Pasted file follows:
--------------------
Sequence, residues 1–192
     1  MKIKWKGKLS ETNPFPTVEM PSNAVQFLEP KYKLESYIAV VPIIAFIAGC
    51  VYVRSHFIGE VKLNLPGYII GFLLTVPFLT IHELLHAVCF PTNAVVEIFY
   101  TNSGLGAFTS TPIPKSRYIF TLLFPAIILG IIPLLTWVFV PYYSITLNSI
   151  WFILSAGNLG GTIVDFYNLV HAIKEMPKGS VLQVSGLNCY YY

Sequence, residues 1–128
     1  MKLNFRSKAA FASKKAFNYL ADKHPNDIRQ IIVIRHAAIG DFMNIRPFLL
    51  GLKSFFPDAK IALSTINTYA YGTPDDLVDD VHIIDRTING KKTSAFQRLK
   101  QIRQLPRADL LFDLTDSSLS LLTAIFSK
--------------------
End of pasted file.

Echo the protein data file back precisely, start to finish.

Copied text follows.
Sequence, residues 1–192
     1  MKIKWKGKLS ETNPFPTVEM PSNAVQFLEP KYKLESYIAV VPIIAFIAGC
    51  VYVRSHFIGE VKLNLPGYII GFLLTVPFLT IHELLHAVCF PTNAVVEIFY
   101  TNSGLGAFTS TPIPKSRYIF TLLFPAIILG IIPLLTWVFV PYYSITLNSI
   151  WFILSAGNLG GTIVDFYNLV HAIKEMPKGS VLQVSGLNCY YY

Sequence, residues 1–128
     1  MKLNFRSKAA FASKKAFNYL ADKHPNDIRQ IIVIRHAAIG DFMNIRPFLL
    51  GLKSFFPDAK IALSTINTYA YGTPDDLVDD VHIIDRTING KKTSAFQRLK
   101  QIRQLPRADL LFDLTDSSLS LLTAIFSK